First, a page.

Eventer Debbie Rosen knows what it’s like to be afraid. An equestrian for 40 of her 49 years, she says her current equine partner, The Alchemyst, “scared the hell out of me initially.” But he also gave the Calabasas, California, resident chills the first time she saw him five years ago, and there was no shaking the attraction. Even after she decided not to buy the extremely athletic Canadian Sport Horse, supportive clients thought the two belonged together and gave him to her as a gift.
At the outset of their partnership, the horse—who goes by the nickname Albert—“was way harder than I thought he’d be,” Debbie recalls. “He’s still way harder than I thought. I’ve probably come off him more than all the times in my career I’ve come off a horse. But he’s amazing.” He has a willingness to get better, she adds, and his unquestioning bravery cross-country is worth every moment of trepidation she may feel.
Together Debbie and Albert have progressed to the elite levels of their sport. In April they competed at the 2010 Rolex Kentucky Three-Day Event. Their finish—though well out of the top spots—was seen as a courageous victory by many. Shortly after the 2009 edition of Rolex, Debbie was diagnosed with breast cancer. A relatively aggressive form, it required multiple surgeries. During the first procedure in August 2009, her right breast and 16 lymph nodes from her right arm were removed. Then came a course of chemotherapy that wasn’t completed until March, just weeks before this year’s prestigious four-star event.
“Albert was completely different after my first surgery,” Debbie says. “He was an absolute saint. I had some help with his hacking, but I figured if I was going to continue to compete, I needed to do the work”—which is exactly how she has approached her entire equestrian career.
Raised in suburban Los Angeles, Debbie always wanted to be involved with horses. Though her parents failed to share her passion for all things equine, they gave her her first pony when she was 10. “Fortunately, my parents thought that lessons would be a good idea, too, and I landed with veteran horsewoman Cory Walkey, who now owns the very high profile Mill Creek Equestrian Center, in Topanga, California,” Debbie says. “I was very fortunate to be in an environment where safety was stressed. That’s also where I learned about eventing. Very quickly it became the only sport I wanted to do.”
While still a student, Debbie began covering the not-inconsequential cost of her growing horse habit. She acquired mounts that were “cheap or that nobody else wanted or could ride,” she says. “I spent the first half of my career on horses that probably shouldn’t have been there. There were horses I wouldn’t ride today.” Eventually, she says, “I learned that just because you can ride it, doesn’t mean you should. I got a couple to Advanced by the skin of both our teeth. When you can, you learn to choose better.”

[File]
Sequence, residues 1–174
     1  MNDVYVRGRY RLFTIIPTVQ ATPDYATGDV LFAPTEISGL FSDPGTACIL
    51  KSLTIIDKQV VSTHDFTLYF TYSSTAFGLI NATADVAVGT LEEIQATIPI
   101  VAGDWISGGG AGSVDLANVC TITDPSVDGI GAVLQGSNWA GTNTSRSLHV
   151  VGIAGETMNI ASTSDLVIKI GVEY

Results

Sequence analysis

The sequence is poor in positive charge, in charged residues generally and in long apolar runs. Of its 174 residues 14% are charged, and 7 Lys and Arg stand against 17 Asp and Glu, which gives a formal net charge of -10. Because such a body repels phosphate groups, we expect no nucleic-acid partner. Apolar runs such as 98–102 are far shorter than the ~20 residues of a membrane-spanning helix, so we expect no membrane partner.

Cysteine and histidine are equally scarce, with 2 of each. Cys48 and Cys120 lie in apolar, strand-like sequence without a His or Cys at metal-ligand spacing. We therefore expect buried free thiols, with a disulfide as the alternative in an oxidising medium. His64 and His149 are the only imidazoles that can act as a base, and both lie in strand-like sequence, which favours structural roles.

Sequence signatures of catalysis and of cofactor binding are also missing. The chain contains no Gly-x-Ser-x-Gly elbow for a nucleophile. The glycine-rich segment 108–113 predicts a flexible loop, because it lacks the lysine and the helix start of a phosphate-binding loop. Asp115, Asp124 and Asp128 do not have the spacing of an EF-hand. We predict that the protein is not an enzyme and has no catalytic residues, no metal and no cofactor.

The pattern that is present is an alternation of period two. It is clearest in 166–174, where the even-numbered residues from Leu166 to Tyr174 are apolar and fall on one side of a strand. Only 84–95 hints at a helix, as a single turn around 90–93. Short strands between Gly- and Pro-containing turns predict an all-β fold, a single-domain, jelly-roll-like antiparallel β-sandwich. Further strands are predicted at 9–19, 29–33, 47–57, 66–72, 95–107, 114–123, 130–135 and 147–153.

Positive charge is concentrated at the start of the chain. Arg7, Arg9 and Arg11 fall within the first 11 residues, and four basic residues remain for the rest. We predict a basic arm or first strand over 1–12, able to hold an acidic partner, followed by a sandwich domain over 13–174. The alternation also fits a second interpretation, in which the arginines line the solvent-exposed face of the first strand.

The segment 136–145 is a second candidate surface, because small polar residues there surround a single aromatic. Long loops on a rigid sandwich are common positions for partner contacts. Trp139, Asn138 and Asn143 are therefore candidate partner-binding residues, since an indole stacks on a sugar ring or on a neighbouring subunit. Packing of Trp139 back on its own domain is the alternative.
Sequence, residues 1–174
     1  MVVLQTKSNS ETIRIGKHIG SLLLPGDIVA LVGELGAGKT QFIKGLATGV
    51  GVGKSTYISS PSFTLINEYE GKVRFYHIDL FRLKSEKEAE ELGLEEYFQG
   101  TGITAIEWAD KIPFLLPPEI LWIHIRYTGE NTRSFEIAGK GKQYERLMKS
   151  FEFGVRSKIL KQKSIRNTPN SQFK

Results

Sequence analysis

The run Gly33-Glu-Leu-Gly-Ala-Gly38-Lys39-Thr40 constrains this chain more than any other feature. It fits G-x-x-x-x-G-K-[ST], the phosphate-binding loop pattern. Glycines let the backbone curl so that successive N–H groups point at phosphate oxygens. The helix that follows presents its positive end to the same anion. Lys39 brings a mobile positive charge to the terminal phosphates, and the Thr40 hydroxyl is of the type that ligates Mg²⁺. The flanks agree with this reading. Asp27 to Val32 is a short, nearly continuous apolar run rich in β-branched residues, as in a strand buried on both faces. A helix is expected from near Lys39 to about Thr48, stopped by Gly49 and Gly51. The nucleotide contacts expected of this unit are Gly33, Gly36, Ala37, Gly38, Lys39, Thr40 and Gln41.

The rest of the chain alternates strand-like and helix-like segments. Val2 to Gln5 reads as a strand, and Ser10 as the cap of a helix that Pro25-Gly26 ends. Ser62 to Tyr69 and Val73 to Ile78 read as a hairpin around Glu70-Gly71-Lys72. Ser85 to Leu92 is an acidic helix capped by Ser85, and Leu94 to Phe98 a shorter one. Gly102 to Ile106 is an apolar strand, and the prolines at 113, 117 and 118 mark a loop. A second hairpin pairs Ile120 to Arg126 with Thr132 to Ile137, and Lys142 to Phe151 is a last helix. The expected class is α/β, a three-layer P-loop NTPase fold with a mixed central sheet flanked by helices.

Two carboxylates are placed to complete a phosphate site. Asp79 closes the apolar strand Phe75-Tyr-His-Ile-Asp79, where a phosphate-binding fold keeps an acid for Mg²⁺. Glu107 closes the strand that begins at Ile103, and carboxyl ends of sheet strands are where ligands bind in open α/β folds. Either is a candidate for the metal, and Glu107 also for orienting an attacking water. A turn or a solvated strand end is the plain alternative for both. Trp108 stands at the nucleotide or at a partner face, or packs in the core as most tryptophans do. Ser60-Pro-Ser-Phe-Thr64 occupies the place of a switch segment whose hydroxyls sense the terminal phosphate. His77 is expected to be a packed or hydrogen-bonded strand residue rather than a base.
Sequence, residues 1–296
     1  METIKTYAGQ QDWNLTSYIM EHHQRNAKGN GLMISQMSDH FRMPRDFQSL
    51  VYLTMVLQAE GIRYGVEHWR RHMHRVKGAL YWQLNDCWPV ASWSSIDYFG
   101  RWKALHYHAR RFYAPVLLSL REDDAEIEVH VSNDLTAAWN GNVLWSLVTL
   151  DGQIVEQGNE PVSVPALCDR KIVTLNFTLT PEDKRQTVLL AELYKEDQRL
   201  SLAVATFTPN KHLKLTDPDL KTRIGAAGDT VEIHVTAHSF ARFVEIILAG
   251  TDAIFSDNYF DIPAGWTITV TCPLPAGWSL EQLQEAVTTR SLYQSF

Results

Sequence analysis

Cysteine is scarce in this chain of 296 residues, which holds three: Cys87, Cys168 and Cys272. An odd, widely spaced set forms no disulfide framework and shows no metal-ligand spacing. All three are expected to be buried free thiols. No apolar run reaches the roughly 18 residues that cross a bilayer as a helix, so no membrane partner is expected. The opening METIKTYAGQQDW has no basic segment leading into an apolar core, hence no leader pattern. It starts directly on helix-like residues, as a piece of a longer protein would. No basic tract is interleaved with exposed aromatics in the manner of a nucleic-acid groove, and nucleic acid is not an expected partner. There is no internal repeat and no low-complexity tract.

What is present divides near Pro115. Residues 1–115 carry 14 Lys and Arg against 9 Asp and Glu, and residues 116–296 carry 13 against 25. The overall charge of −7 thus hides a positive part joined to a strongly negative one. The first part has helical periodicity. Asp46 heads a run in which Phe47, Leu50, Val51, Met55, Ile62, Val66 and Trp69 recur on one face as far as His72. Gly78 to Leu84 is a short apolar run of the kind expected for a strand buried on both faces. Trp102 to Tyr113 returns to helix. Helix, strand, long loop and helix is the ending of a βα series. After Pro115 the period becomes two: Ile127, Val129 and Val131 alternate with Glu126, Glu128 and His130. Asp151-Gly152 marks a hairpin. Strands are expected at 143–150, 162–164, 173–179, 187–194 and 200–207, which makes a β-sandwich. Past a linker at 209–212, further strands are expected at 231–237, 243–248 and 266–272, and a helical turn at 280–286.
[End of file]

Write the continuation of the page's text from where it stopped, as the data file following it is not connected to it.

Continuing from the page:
Debbie attended the University of California, Davis, as well as UCLA, but stopped short of earning a degree. The demands of a full college course load, full-time horses and a full-time job simply caused her to run out of steam. She worked in television production for a number of years while teaching lessons part-time. Then an inexpensive Quarter Horse came her way, and Debbie began making the transition to professional horsewoman. A lead pony at the racetrack, he was notorious for bucking off outriders and darting around expensive 2-year-olds. “They ditched him pretty quick,” she says, “and I made him an Advanced horse, though he probably shouldn’t have been. At about that same time, I was getting involved with some pretty long-term jobs at work, and they were taking me away from the horses. It was time for me to make a decision. I chose the horses full-time and never looked back.” Her company, Wild Ride Eventers, has been up and running for 20 years. It offers eventing training, boarding and horses for sale.
The Big Time
It took a decade for Debbie to find her first great horse, the one who would carry her to her first Rolex. “His name was Gringosch,” she says. “He was in Germany, and I must have maxed out five credit cards to get him. It was very foolish, but Josh ended up being the horse who got me into the three- and four-star world. He was amazing.
“By the time I reached the three-star level, I realized how different those horses are,” Debbie continues. “And I’m not talking about how much they cost. A horse who wants to go out and run a three- or four-star course is just a different animal. He’s unimpressed by the things that faze most horses. He’s far above the rest in terms of bravery, confidence and talent, and he possesses a certain type of psychological makeup that lets him get through something as challenging as that.”
Debbie and Josh made their first and only attempt at Rolex in 2004. They failed to finish when he lost a shoe. After returning home, Josh suffered a serious tendon injury in his stall. “He had more than a year off and he healed completely,” Debbie says. “I was told he probably could run again, but I just didn’t have the heart. Still, he wouldn’t retire gracefully. I can’t put anyone on him because he’s quite a beast, but my assistant adores him. She has been competing him at the lower levels—no higher than Preliminary—as well as Third Level dressage.”